One of the largest and most influential newspapers in Central Florida has abandoned its 2008 support for Barack Obama and has announced its endorsement of Mitt Romney for president. From the Orlando Sentinel's powerful editorial:
Economic growth, three years into the recovery, is anemic. Family incomes are down, poverty is up. Obama's Republican challenger, Mitt Romney, highlighted these and other hard truths in this week's second debate. Even the September jobless numbers deserve an asterisk, because more than 4 million Americans have given up looking for work since January 2009. And while the nation's economy is still sputtering nearly four years after Obama took office, the federal government is more than $5 trillion deeper in debt. It just racked up its fourth straight 13-figure shortfall.
We have little confidence that Obama would be more successful managing the economy and the budget in the next four years. For that reason, though we endorsed him in 2008, we are recommending Romney in this race. Obama's defenders would argue that he inherited the worst economy since the Great Depression, and would have made more progress if not for obstruction from Republicans in Congress. But Democrats held strong majorities in the House and Senate during his first two years. Other presidents have succeeded even with the other party controlling Capitol Hill. Democrat Bill Clinton presided over an economic boom and balanced the budget working with Republicans. Leaders find a way.
The Sentinel isn't alone. The New York Observer surprised many of its readers with a Romney nod last week, as did The Tennesseean, a perennially liberal outlet. That paper's editors picked Obama four years ago, but are changing their tune in 2012:
President Obama’s steps to get spending under control and reduce the debt are too tentative, and again hark back to his inability to possess the leadership to break the partisan gridlock in Congress ... Should President Obama, as some suggested, have devoted his early political capital to jobs and debt reduction and pursuing Wall Street criminals, instead of health reform? Time will tell. But it’s clear whatever shaky bridges were burned in the push for health reform only emboldened Republicans to oppose his subsequent economic proposals. That has rendered much of his presidency ineffective. Barack Obama was elected in 2008 with a call for hope and change. Perhaps the change he spoke of could only come with the help of Mitt Romney.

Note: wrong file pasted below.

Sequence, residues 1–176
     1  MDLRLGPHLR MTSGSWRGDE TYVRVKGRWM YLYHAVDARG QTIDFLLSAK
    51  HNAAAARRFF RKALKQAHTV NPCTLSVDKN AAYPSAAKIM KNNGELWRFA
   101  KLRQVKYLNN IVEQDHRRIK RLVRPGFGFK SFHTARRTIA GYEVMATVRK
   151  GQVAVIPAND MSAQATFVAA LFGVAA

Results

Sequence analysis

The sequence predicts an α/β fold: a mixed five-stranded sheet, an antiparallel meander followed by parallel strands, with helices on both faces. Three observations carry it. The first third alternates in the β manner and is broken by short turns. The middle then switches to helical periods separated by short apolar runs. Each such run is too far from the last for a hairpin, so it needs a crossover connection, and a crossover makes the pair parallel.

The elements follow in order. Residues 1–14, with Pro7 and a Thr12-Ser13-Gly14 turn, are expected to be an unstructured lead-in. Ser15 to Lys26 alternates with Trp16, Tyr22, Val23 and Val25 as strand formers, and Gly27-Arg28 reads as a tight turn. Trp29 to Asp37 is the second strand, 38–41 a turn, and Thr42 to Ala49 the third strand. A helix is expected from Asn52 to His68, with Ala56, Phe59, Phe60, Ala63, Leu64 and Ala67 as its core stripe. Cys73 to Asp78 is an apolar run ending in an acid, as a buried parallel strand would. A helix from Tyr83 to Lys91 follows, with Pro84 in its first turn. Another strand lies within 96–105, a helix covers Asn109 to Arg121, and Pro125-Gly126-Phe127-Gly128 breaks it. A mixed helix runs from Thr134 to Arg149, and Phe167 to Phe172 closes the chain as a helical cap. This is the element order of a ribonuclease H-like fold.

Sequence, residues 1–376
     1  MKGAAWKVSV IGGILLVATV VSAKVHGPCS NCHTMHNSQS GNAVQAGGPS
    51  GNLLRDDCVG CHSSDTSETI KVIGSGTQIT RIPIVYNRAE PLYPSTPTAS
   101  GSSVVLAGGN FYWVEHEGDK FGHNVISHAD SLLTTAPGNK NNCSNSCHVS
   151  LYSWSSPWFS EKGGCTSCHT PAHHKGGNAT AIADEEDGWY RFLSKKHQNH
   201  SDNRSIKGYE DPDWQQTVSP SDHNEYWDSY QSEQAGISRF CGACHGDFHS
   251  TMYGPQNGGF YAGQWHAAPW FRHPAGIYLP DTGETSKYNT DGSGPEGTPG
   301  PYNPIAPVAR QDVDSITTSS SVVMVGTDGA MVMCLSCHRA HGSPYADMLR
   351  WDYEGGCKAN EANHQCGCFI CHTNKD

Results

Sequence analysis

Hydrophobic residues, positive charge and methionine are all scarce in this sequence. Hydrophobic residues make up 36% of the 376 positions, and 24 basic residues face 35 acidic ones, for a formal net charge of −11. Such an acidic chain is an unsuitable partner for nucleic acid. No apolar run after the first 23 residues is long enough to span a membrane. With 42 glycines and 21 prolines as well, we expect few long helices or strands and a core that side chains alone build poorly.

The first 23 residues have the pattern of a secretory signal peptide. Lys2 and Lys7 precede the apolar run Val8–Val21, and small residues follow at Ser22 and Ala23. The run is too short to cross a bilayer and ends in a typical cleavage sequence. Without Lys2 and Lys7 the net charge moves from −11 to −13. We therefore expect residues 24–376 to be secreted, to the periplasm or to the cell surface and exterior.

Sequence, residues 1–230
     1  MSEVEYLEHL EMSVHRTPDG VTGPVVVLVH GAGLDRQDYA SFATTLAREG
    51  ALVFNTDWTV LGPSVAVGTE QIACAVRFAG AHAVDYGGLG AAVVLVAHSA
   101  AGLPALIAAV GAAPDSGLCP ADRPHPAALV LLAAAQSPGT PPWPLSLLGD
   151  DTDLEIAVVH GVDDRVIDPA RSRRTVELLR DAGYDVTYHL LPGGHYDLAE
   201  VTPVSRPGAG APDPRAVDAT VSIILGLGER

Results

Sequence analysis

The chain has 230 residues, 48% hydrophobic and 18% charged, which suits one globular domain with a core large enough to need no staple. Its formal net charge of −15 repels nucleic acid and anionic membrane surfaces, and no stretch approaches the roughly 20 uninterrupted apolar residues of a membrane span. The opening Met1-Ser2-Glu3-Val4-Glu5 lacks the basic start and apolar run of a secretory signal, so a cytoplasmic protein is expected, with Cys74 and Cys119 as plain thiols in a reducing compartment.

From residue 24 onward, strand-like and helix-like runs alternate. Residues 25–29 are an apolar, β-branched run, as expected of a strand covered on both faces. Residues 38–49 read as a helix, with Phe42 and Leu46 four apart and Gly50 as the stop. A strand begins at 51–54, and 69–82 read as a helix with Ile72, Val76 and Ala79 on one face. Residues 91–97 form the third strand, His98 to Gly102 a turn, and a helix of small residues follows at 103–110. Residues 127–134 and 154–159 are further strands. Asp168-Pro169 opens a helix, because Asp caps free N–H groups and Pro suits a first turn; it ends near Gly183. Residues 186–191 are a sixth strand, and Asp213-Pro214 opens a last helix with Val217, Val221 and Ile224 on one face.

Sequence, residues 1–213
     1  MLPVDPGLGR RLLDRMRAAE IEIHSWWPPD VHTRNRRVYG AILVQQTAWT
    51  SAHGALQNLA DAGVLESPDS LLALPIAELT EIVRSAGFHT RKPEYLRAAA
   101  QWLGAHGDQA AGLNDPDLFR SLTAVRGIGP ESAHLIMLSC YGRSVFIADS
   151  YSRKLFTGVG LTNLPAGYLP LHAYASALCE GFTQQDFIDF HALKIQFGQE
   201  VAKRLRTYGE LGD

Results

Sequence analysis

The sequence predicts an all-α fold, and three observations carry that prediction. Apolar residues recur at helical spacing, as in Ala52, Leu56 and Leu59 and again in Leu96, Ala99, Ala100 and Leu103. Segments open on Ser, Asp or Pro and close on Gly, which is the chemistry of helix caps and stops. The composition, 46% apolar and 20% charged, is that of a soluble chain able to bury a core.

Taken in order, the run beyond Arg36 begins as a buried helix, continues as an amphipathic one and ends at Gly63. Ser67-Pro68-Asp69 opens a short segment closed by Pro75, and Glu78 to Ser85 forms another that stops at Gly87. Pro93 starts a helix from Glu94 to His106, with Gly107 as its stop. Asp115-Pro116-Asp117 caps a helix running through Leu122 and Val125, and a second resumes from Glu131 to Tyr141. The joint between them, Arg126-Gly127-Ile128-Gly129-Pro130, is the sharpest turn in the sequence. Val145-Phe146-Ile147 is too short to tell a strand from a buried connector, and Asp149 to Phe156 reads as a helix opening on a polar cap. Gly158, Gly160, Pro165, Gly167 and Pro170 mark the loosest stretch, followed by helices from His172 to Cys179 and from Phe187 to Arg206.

Tennessee is not a battleground state, but early signs point to a major Romney blowout there on November 6. Finally, here's a portion of a new Romney endorsement from Barack Obama's hometown Jewish newspaper:
With his executive experience, belief in the enervating potential of the private sector, proven ability to deal with opposing views, positive outlook and quiet but admirable religious and charitable persona, Mitt Romney is the candidate who can best guide our country in the years ahead. We like Mr. Romney- and strongly endorse his candidacy for president- because of his moderate, small-government views We like Mr. Romney because he is able to travel to a hot-bed area like Israel and- openly, unapologetically, and accurately- commend the Jewish state for its achievements, while frankly acknowledging that it is Palestinian recalcitrance which has denied peace to the area. We like Mr. Romney because he understands the need to create jobs by providing the right environment for the private sector to do so.
As for the New York Times, don't hold your breath.